With the COVID-19 pandemic dominating the news, it’s easy for other public health issues to drop out of sight. Shepherdstown-based Community Education Group (CEG) is pointedly focused on West Virginia’s ongoing substance-use disorder epidemic.
A new $500,000 grant will support CEG’s efforts to improve HIV prevention, testing, screening, and treatment in the state.
Fentanyl, Inc. opens with the story of eighteen-year-olds Bailey Henke and Kain Schwandt as they go on a road trip across the snowed plains of North Dakota. Henke and Schwain plan on visiting family, but they have an ulterior motive: they hope their time on the road will help them kick their addiction to fentanyl, a drug they once discovered by buying medical patches on the black market.
If you or someone you love has lost someone to the opioid crisis, then it’s worth your while to check out “All Our Hearts”—an online memorial project developed in part by Observer contributor and Jefferson County native Lena Camilletti.
How we perceive and treat people with substance-use disorder has a direct impact on access to treatment and long-term recovery for this community. The language we use to identify this disease is crucial in addressing solutions for people experiencing it.
As I read Timothy J. Hillegonds’ harrowing memoir of addiction and youthful rage, The Distance Between (University of Nebraska Press, 2019), I was reminded of a sentence written by one of my favorite fiction authors, Richard Lange: “We can only, all of us, run so far before what we really are and what is meant to be catch up to us.”
A Chicago native, author Timothy J. Hillegonds stepped foot in Shepherdstown for the first time in 2012, and found himself smitten from the start. Seven years later, he readily calls Shepherdstown his second home, and by getting to know West Virginia’s oldest town as intimately as he has, he’s also become familiar with the Mountain State’s unfortunate connection to the nationwide opioid epidemic.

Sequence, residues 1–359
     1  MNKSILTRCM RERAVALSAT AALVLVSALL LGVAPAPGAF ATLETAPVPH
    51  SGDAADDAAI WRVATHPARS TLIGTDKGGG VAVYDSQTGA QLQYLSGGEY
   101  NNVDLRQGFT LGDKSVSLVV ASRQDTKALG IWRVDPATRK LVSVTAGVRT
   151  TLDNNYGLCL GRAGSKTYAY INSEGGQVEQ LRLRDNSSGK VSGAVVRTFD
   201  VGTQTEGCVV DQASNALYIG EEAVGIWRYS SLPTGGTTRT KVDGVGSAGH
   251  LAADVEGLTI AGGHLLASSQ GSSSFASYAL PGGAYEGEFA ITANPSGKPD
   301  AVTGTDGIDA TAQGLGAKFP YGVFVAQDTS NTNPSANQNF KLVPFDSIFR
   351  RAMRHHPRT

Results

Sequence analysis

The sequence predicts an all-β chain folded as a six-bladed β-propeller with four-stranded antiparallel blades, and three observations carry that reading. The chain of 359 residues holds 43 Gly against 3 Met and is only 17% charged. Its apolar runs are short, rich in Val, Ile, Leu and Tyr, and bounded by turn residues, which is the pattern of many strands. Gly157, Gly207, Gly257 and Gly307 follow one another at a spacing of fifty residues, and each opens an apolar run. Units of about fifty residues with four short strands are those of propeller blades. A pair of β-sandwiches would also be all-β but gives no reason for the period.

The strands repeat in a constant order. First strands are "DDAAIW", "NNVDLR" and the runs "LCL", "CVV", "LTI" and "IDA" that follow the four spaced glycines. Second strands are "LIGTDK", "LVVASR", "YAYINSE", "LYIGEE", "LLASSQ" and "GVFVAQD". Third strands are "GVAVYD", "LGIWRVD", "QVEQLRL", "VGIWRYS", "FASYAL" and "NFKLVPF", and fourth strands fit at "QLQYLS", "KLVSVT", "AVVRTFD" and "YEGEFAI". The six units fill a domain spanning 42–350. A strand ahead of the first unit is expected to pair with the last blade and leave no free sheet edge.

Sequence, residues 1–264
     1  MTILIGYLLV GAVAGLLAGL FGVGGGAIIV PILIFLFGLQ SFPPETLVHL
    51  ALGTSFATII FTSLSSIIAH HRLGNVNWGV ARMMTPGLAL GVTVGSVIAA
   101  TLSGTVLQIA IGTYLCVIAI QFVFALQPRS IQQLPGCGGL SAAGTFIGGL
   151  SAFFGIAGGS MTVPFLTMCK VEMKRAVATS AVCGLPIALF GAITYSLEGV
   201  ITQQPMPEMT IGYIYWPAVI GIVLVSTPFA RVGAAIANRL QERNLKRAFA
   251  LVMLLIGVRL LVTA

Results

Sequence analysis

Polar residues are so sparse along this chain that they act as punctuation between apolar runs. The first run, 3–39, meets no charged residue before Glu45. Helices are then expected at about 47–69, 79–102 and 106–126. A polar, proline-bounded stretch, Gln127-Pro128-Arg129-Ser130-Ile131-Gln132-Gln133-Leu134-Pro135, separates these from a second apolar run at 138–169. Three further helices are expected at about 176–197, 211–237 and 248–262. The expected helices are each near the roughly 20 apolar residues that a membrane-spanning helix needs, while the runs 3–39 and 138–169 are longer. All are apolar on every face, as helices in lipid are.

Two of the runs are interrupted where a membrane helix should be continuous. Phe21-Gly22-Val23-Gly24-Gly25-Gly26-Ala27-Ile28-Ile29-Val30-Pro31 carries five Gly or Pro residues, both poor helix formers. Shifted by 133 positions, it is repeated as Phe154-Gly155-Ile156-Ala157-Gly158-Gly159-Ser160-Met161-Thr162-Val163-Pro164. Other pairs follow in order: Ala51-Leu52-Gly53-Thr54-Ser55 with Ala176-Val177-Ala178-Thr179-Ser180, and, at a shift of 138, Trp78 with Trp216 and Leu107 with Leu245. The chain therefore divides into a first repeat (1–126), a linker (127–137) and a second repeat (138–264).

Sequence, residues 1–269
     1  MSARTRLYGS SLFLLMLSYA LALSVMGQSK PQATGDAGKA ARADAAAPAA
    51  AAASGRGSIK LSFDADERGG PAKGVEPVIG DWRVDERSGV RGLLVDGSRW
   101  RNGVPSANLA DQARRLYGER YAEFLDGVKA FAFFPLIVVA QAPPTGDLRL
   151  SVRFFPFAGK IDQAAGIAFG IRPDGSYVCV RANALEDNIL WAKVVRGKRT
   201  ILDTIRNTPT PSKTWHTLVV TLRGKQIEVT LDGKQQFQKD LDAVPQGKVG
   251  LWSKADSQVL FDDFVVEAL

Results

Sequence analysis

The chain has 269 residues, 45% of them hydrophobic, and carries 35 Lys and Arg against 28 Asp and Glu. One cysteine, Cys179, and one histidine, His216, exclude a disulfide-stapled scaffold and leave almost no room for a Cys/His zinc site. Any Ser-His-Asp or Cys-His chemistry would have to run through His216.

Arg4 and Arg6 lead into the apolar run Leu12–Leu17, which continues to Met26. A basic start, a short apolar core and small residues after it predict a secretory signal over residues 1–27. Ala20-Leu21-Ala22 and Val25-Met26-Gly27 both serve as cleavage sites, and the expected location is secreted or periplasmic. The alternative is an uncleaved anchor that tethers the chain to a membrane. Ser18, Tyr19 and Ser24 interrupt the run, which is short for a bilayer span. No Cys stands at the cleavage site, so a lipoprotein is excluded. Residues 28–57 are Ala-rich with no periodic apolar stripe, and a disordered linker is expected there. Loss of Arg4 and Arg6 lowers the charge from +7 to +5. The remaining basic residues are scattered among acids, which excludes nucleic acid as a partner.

The opioid epidemic has been described as “one of the greatest mistakes of modern medicine.” But calling it a mistake is a generous rewriting of the history of greed, corruption, and indifference that pushed the U.S. into consuming more than 80 percent of the world’s opioid painkillers.
Mountaineer Recovery Center, targeted to open in September 2019, will be the first in the state of West Virginia to provide this level of treatment, according to someone’s needs all in one place.
Students in the Eastern Panhandle have recently gained exposure to uniformed soldiers in the hallways of their schools. The men and women of the West Virginia Air National Guard (WVANG) 167th Airlift Wing, the 130th Airlift Wing, and the Army National Guard have been diligently working to help combat the state’s opioid addiction crisis by offering various mentoring opportunities to elementary and middle school students.
Hundreds of voluntary recovery coaches throughout the state of West Virginia are helping those in need of services that are often nonexistent or hard to access. Greater Recovery and Community Empowerment (GRaCE), founded by president Rev. John Unger, taps into the “foundational aspect of instilling hope.”
Award-winning journalist Beth Macy’s Dopesick: Dealers, Doctors, and the Drug Company that Addicted America comes as a timely, in-depth look at America’s opioid crisis that tells the stories of its victims and traces the social and economic roots of the epidemic.
Addiction does not discriminate. Bridging the divides in our polarized country is an essential way for people to work together to fight the opioid epidemic, which is what One America West Virginia is trying to do.
The Martinsburg Initiative (TMI) is an innovative, multi-dimensional partnership that has developed a model solution to the crisis of Opioid Use Disorder and the general problems of other substance use, misuse, and substance use disorders.
Established after the 2016 presidential election, The One America Movement’s (One America) mission is to build bridges and solve problems by bringing Americans together across racial, religious, political, and geographic divides in order to address pressing social problems like poverty, opioids, racial tension, and more.